Apple may seem like a company driven by design, but their true strength lies in its customer-driven business model. Most companies and Scrum teams assume that if they think their ideas sound great, their customer will, too. Apple provides a great example here. When the iPhone6 was launched, a release that prompted the automatic transfer of U2's album onto the iPhone and every iTunes user for free and there wasn't any option to delete it. Apple assumed that they were giving a generous gift to the users, but failed to empathize with the customers who mostly saw it as an intrusion. All great teams and companies have one common characteristic - they connect emotionally with their customers. Today's customers are no more passive; they want to engage with the Scrum teams as co-creators, partners, and community members.
Practical Tip: There are many tools that can be leveraged to explore what customers really want. One such tool that I used recently is "Value Proposition Canvas."
3. Understanding Customers' Perspectives and Creating a Story That Customers Can Connect WIth
Author Bernadette Jiwa describes in his book the "difference model" that focuses on six P's (Purpose, Principles, People, Personal, Perceptions, and Product) to create a story your customers can connect with. Understanding how customers actually use your products and services are key to tapping into their satisfaction. This means developing their perspective and how they see things based on their experiences, belief, and culture, by going beyond basic demographics, like gender, age, and income. You'll need to learn how they spend their time and what invisible problems they encounter day-in-and-day-out. But, thanks to the internet, and a few other technologies, it's a cinch to gather the data. One great way to do this is the creation of Personas. Roman Pichler says Personas are fictional characters that have a name and picture; relevant characteristics such as a role, activities, behaviors, and attitudes; and a goal, which is the problem that has to be addressed or the benefit that should be provided. Personas offer a great learning opportunity to capture the needs and wants of the users and customers.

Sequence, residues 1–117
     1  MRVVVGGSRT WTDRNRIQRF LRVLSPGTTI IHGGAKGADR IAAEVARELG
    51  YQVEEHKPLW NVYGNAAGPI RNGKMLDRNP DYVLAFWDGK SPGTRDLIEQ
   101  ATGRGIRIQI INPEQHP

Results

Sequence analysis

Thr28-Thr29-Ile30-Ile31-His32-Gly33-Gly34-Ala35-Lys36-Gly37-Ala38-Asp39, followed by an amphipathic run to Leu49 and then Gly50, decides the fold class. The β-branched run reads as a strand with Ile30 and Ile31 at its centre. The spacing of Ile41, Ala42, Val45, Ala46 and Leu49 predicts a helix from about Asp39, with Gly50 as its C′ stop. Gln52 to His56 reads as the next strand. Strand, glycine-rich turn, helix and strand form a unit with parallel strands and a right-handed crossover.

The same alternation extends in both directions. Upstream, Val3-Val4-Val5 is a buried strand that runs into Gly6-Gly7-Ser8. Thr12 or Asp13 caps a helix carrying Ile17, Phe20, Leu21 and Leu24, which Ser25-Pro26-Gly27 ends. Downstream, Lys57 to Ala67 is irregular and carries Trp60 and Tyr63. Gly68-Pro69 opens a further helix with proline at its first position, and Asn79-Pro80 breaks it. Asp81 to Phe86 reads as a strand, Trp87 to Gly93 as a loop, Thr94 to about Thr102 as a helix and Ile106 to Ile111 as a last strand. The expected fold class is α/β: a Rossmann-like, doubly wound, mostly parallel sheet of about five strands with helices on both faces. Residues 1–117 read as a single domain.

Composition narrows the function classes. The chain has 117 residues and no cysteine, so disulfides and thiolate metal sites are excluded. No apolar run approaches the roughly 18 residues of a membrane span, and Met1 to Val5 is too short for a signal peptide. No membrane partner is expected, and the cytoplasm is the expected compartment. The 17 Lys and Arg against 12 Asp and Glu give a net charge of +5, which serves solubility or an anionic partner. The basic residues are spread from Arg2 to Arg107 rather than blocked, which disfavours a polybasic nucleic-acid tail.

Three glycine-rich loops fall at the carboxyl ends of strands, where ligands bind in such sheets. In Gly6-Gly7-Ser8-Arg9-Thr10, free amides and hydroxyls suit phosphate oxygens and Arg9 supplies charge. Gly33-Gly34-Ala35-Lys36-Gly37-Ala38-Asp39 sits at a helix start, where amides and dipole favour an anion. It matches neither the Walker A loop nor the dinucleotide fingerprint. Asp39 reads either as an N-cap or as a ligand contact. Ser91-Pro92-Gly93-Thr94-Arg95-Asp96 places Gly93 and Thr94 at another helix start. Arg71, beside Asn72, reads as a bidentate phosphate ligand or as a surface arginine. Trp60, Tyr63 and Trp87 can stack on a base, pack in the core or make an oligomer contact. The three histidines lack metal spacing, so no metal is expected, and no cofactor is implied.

Practical Tip: Create user personas to explore customers perspectives. An example persona template can be found here.
I really like what Dave West said in his Keynote at Scrum Day Europe - Organizations need to move from where the customer was ancillary to the job that we do to where "the customer is central to the job that we do." We need to make a shift towards building teams that are more aligned with customers. Building great products is all about understanding the customers well - their perspectives and what they expect from the product by continuously engaging with them. Many companies put a lot of emphasis on collecting hard data and delivering features that customers want. However, what is also key is to collect soft data like feedback, stories, and even customer behavior.
What other ways have you explored to connect with your customers? I am sure you'll have many to share. I'd love to hear from you in comments.